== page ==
President Bill Clinton Job-Creation Blueprint Fact Check


President Bill Clinton's Blueprint to Boost Jobs

9. Clinton states that the TARP stimulus should have been "more vigorously defended in the last election." After the GM and Chrysler bailouts, he said, there are about 75,000 more jobs in the industry, preventing the loss of factories and suppliers that would have cost a million jobs.

According to the latest Bureau of Labor Statistics jobs report, there were 697,000 people employed in the motor vehicles and parts industry in May, down by almost 400,000 since May 2006. Bronars said that the industry lost 35 percent of its jobs in five years, according to that data.

"Would it have been worse without the bailouts? Possibly. Does that make it sound economic policy?" Bronars said. "No, because the federal government now has to decide which banks and companies are too big to fail, and which will file for bankruptcy without a bailout."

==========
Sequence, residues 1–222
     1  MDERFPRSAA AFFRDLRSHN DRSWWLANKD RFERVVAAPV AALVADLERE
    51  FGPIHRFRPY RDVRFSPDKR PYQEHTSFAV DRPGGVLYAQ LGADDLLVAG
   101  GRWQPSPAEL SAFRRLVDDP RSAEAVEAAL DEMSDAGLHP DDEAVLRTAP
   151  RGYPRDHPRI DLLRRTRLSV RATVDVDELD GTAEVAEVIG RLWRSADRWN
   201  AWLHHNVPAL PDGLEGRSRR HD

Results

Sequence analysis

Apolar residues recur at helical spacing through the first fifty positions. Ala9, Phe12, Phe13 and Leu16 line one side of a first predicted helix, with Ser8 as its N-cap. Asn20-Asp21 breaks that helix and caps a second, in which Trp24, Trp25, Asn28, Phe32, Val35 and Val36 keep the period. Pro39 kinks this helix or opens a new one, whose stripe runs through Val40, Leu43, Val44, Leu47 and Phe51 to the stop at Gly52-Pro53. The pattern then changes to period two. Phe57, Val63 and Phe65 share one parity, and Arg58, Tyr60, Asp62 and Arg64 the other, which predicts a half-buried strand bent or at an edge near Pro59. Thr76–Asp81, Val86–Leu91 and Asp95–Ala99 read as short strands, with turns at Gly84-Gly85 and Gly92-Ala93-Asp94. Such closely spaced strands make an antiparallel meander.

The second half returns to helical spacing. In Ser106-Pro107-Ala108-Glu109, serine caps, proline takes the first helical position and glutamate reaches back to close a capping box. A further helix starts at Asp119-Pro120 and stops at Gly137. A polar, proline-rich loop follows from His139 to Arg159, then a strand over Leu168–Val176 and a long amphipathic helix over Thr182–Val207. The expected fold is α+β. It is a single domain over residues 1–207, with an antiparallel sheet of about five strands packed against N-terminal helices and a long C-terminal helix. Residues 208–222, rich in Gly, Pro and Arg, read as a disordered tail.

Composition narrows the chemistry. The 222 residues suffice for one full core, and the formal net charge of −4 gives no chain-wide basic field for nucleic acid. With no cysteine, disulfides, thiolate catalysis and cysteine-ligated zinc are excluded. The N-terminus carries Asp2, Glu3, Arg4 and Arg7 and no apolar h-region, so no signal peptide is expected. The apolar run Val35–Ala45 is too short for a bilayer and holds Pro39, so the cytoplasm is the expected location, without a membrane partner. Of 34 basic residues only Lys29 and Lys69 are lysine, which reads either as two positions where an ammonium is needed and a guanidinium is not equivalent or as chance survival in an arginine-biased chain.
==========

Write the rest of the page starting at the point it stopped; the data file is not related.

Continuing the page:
Swagel said the job loss would have been worse without the bailout of GM and Chrysler, "but that alone does not mean the bailouts were wise or successful."

Swagel the impact on the regional economies would have been especially bad in late 2008 and early 2009 when the overall economy was in recession, which makes for a "good case" for the intervention.

But the bailouts have been costly, said Swagel, while he worked at the Treasury until Jan. 20, 2009.

"They saved jobs but the question is whether they were a cost-effective way of doing it. That is not clear yet," Swagel said.

Generally speaking, Rouse said, although the federal budget deficit must be addressed in the medium and long term, this year is not the time for the public sector to contract.

"When the private sector is not fully healthy, the public sector should kick in," she said. "Otherwise, we're going to have a stalled economy.

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